Charles de Gaulle once famously quipped, “How can you govern a country which has 246 varieties of cheese?” (The answer is: with pleasure, of course.) De Gaulle was talking about France, but the same could be said about Québec, which has over 400 types of cheese. For maximum sampling, embark upon a cheese crawl through Montréal and Québec, from stinky fromageries to a quiet abbey in the middle of the St Lawrence River. Bon appétit.
Kick off your crawl at Montréal’s big cheese – Fromagerie Atwater. This perennially popular fromagerie, in the Atwater Market since 1972, sells over 700 local and international cheeses, from crumbly, veined blue cheeses to creamy goat cheeses tangy with orange rinds. A bonus is the excellent selection of micro-brews, which pair deliciously with many of the strong cheeses. Other top-notch fromageries include Fromagerie Hamel, with locations in the Atwater and Jean-Talon markets, and Fromagerie Fritz Kaiser, one of the region’s largest artisan cheesemakers, in Noyan, about an hour south of Montréal.
In most restaurants, cheese plates are an afterthought. Not so in Québec. Many Montréal and Québec City restaurants, particularly those that focus on local cuisine, whisk out excellent cheese plates or carts laden with local produce. In the latter, follow your nose to the St-Jean-Baptiste neighborhood, where you’ll find several historic groceries that feature an excellent selection of local cheeses, including Épicerie Européenne and Épicerie J.A. Moisan. In Montréal, head to Toqué, helmed by master chef Normand Laprise, or assemble your own cheese plate for an impromptu picnic.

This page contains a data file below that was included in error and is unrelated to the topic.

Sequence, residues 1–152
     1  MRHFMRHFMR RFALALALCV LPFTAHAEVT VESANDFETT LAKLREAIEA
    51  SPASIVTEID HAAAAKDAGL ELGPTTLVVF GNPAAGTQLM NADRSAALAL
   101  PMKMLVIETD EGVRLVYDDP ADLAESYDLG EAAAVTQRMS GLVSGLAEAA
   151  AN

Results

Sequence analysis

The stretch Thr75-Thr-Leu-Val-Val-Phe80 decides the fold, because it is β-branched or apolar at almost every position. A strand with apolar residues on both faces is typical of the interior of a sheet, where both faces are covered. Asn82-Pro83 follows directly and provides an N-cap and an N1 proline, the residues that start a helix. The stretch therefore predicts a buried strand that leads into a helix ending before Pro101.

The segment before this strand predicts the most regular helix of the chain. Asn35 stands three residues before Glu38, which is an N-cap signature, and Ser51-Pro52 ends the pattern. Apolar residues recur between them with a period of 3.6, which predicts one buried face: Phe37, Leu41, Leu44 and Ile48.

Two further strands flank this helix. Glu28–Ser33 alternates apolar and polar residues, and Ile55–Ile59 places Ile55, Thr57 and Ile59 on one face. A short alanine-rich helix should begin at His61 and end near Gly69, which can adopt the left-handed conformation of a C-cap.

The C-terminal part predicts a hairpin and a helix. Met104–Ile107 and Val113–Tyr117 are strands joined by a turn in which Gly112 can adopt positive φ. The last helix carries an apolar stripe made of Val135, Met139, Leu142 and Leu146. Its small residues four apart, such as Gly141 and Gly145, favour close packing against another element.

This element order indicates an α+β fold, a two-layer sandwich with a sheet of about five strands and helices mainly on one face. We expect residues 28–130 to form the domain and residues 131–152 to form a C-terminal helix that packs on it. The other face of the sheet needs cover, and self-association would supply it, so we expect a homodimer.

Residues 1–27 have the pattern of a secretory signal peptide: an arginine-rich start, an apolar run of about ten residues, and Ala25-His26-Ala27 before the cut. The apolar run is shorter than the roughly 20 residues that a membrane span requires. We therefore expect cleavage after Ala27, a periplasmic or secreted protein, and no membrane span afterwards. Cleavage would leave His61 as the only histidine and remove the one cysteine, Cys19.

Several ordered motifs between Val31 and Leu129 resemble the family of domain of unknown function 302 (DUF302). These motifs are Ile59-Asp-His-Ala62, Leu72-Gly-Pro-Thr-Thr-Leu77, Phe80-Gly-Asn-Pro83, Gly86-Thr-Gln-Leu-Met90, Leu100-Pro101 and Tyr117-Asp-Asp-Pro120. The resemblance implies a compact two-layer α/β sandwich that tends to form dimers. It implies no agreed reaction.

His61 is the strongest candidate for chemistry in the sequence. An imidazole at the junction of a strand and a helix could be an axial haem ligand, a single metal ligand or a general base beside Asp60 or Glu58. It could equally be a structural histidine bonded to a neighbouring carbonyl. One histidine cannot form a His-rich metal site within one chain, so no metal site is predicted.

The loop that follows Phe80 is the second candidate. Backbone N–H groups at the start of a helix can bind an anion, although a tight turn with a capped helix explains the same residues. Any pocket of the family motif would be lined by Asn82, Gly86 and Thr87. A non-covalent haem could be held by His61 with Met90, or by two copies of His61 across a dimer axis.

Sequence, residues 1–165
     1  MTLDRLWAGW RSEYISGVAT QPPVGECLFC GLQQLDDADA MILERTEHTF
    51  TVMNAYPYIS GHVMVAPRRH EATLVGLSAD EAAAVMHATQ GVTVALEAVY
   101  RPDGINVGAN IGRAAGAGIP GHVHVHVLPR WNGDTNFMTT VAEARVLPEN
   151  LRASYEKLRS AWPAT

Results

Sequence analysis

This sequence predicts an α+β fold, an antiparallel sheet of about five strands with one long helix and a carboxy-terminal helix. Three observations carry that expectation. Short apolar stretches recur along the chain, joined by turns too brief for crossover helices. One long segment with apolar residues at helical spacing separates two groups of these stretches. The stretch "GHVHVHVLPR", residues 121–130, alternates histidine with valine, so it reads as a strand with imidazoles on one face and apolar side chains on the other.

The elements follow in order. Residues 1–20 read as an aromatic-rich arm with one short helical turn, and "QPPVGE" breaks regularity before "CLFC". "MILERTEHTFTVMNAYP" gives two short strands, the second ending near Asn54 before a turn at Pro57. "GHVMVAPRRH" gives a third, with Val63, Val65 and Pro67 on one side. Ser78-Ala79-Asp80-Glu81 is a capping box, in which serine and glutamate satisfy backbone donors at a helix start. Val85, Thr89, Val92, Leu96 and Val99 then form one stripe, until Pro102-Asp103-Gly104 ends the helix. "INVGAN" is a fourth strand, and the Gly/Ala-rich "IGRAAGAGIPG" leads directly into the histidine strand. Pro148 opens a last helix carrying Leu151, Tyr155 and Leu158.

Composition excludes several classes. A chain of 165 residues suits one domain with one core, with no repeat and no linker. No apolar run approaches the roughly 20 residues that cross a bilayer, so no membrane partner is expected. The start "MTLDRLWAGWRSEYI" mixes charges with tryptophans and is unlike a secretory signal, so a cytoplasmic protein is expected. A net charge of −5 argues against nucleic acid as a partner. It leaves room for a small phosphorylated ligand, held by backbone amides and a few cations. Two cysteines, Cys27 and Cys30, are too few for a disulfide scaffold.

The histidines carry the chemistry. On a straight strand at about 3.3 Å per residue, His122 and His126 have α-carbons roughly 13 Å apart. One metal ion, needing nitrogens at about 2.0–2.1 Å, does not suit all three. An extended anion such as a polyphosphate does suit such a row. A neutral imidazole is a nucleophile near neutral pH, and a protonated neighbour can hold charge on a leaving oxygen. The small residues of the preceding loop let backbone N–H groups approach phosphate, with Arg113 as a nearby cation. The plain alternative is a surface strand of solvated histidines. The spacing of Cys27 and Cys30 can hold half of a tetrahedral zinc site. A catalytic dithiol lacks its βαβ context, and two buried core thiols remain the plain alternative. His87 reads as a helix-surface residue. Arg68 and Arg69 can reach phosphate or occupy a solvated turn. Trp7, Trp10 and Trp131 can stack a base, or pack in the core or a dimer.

A monk’s life is spare, quiet and devotional. But at the Abbaye De Saint-Benoît-du-Lac, it’s also filled with pungent whiffs of cheese. The elegant abbey, topped by white-granite turrets and looming over a placid lake in Cantons de l’Est, is occupied by some sixty Benedictine monks. In addition to their Gregorian chants, they’re renowned for producing the famous L’Ermite blue cheese, and other varieties, at their on-site cheese factory. Stop by the store for a wedge or five, and then stay on for the daily Gregorian chant. (Daily at 11am and 5pm, Thurs at 7pm – though note that the schedule may be different in summer.)
If you’ve ever doubted that organic cheese tastes better, Fromagerie la Station will clear that up. This fromagerie’s signature Alfred Le Fermier, a hefty round of pale-orange, washed-rind cheese, comes from a single herd of Holsteins, which you can see roaming peacefully in the surrounding fields. This is organic cheese at its finest, as its many awards will attest. Four generations of the Bolduc family have worked the farm, which includes pastureland, stables, a ripening room and a store. The farm, southwest of the small town of Compton, offers guided tours through all the stages of production, topped off by sampling.
As you roll through Isle d’Orléans, you’ll see your lunch waddling around ponds, hanging heavy in dense orchards and being squirted from udders into tin pails. This island in the middle of the St Lawrence River, just three miles east of Québec City, is called the “breadbasket of Québec” for its fertile soil and rich seasonal bounty. This is also where, in 1635, the first cheese was made in North America. Les Fromages de l’Isle d’Orléans continues that legacy, and you can sample the semi-soft cheese, which is served hot, after a quick pan-fry. Pick up cheese-to-go, buy a bottle of Québécois white and find a leafy perch overlooking the island’s rolling fields, with the Montmorency waterfalls thundering in the distance.
Writer and editor